ONE: We’re working to legally or legislatively overturn
“Treatment Similar to States”policy for Indian tribes. This policy, being promulgated by The Environmental Protection Agency, puts tribal governments in charge of air and water quality, Superfund cleanup, and pesticide use on privately-owned lands anywhere upstream of tribal trust lands, over non-tribal businesses located within a fifty mile radius of Indian Country, and over non-member U.S. citizens who live, work, or travel anywhere within historic borders of tribal reservations. This egregious policy directly threatens state sovereignty. The EPA cannot be allowed to force citizens, business owners, and farmers to submit to rules made by a group that they cannot vote for or appeal to. We’re urging governors to work with Congress and end this policy as soon as possible, either by federal rulemaking authority,by Executive Order, or by an Act of Congress.
We’re making progress on getting tribal sovereign
waived or abrogated. A recent decision by a California Court of Appeals,
Fair Political Practices Commission v. Santa Rosa Indians,
rejected a claim of sovereign immunity. In December 2006, the California Supreme Court declared that tribes can be sued by the Fair Political Practices Commission -
this is a major win. Two earlier cases out of the 5th Circuit in Texas were also won, holding that tribal sovereign immunity does not apply in cases seeking injunctive or declaratory relief:
TTEA v. Ysleta del Sur Pueblo, and
Comstock Oil & Gas Inc. v. Alabama and Coushatta Indian Tribes of Texas,
We continue contacting governors and attorneys general to urge them to participate in litigation that will continue to define the limits of tribal sovereign immunity. Tribes should be exerting authority ONLY over their own members and lands.
We’re actively lobbying against the “tribal loophole”
in the McCain-Feingold/Campaign Finance Reform act and the rulemaking by the Federal Election Commission that exempted Indian tribes from
federal campaign contribution limits. The FEC must be formally petitioned by as many states as possible to enter into rulemaking on this subject and should hold public hearings on the “tribal loophole”.
In a key win, Legislation has been introduced to eliminate this loophole!
FOUR: We need to
level the Free Enterprise playing field
between tribal businesses and non-tribal businesses of every kind. We need to get sales and excise tax collection issues addressed through a joint federal/state lawsuit as soon as possible because a growing number of state/local governments are suffering huge budget shortfalls. It is the Indian-owned businesses directly related to tribal casinos that are primarily engaging in this illegal tax evasion.
FIVE: Reform of thetribal recognition processis a very important area that needs to be addressed both by the U.S. Dept. of the Interior and by Congress. Tribal acknowledgment is a problem in a growing number of states. There have been several House hearings on this subject over the past two years, which drew nationwide attention to how badly flawed the current process is and how urgently it needs to be fixed. Tribes as small as one to five members have been recognized and become eligible for federal benefits. Over two hundred additional groups are now seeking recognition as “tribes”. We were gratified when the Department of the Interior Board of Indian Appeals resoundingly overturned the BIA recognition of two tribes in Connecticut. This is hopefully a start at correcting the abuses that have been rampant in the BIA.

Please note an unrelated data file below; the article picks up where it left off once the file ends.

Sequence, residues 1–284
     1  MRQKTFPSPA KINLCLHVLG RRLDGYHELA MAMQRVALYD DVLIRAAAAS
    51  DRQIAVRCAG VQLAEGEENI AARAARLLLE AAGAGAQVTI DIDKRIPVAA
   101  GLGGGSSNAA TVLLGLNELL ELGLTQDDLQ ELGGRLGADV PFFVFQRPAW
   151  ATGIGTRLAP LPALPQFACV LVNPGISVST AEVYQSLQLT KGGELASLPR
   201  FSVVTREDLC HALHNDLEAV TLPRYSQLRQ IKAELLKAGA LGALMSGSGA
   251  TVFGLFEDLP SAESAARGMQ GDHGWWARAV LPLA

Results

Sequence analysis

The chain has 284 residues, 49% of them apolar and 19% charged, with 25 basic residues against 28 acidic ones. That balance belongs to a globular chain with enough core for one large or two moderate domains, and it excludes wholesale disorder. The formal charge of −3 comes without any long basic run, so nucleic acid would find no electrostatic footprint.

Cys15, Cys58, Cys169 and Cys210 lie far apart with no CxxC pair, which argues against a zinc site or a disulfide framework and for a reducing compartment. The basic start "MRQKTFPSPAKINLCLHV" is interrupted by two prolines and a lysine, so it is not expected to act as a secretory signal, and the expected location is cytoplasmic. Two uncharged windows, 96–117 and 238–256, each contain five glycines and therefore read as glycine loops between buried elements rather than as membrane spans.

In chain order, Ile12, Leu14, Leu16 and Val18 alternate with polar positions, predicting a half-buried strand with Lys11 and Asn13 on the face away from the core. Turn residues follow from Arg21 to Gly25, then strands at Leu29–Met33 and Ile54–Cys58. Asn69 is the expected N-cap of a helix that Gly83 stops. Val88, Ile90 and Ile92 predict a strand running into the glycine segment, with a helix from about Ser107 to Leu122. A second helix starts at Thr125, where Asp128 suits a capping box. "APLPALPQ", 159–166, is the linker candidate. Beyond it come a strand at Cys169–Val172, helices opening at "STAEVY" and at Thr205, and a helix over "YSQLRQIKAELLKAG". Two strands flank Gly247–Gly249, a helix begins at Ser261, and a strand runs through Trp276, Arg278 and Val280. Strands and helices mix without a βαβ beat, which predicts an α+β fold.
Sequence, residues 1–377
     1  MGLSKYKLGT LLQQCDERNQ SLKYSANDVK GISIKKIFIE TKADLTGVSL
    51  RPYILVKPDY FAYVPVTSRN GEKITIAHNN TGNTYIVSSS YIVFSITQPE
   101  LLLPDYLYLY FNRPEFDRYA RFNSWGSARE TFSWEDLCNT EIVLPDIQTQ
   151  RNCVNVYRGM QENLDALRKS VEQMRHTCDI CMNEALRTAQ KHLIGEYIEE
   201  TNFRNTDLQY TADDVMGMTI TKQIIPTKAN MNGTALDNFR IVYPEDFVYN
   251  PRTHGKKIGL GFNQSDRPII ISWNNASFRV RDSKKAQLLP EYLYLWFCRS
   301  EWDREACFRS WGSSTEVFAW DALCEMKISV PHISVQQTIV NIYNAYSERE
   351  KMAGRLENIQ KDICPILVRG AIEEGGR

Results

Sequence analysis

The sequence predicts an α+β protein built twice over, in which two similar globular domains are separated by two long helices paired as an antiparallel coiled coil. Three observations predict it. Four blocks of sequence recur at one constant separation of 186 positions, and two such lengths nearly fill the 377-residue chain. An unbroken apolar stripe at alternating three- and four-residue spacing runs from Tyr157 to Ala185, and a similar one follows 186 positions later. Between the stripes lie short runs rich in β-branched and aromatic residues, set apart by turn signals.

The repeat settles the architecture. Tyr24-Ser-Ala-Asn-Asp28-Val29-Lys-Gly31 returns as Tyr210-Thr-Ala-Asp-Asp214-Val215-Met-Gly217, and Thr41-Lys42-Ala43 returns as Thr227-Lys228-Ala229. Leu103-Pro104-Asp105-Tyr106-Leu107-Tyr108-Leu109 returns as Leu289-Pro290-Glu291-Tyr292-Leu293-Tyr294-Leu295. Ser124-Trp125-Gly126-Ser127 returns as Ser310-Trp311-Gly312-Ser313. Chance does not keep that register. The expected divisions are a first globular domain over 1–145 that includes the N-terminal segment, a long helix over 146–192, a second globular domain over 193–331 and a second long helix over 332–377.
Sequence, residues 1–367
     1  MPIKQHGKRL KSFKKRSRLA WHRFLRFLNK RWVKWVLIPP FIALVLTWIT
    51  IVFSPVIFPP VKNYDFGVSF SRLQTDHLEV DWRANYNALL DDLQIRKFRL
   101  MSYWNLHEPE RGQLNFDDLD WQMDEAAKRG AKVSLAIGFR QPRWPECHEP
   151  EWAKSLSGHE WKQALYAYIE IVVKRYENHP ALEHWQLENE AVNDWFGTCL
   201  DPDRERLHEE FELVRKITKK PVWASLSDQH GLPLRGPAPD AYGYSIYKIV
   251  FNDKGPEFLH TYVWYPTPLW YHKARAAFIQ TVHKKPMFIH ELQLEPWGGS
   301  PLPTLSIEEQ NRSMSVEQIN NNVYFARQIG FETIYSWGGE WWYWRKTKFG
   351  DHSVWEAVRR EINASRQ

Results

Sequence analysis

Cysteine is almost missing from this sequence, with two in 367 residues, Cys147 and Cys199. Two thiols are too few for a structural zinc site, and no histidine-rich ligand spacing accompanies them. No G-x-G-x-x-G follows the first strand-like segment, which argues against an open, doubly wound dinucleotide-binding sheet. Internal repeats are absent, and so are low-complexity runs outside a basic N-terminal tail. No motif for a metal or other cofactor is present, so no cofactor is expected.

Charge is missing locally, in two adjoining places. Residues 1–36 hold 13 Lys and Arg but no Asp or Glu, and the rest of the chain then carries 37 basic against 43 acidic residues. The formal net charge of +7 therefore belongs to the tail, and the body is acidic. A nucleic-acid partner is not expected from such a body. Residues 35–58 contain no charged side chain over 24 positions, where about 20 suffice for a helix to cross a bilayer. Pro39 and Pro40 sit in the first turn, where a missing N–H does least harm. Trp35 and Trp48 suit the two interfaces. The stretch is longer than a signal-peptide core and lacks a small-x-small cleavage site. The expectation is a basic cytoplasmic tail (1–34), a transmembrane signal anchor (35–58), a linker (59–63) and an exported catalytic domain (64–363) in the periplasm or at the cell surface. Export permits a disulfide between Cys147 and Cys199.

SIX: Americans have a right to know that their homes and businesses are safe from government seizure. Tribal governments are now using
“Eminent Domain” powers to evictprivate landowners from properties owned for generations in the States of New York and California, usually for the purpose of expanding casino operations. The House passed legislation by a vote of 376-38 (H.R.4128) “The Private Property Rights Protection Act” to deny federal funding to state and local governments who partner with tribes in this egregious practice. We cannot allow the Kelo v. New London decision to stand.
OUR APPROACH: One Nation United is defending our individual rights, equality under the law, and a strong free enterprise system operating within an open, transparent government.
The problem is political and legal.
A corrupt Federal Indian Policy was created by a misguided political process - a classic example of the law of unintended consequences.
Federal Indian Policy can be reformed for the benefit of Indians and non-Indians only by a strong political effort.
Our political efforts are supported by litigating carefully chosen cases.
We lobby Congress, the White House, and federal agencies. We conduct public education campaigns on the extremely serious problems with Federal Indian Policy. We’re the nation’s leading nonpartisan, grassroots umbrella group addressing this major problem. We’ve built and are expanding a diverse nonpartisan national network of concerned citizens, elected officials, lawyers, academics, law enforcement officials, clergy and community leaders to shape the debate on this issue. We will maintain a strong lobbying effort in DC,
with your financial help!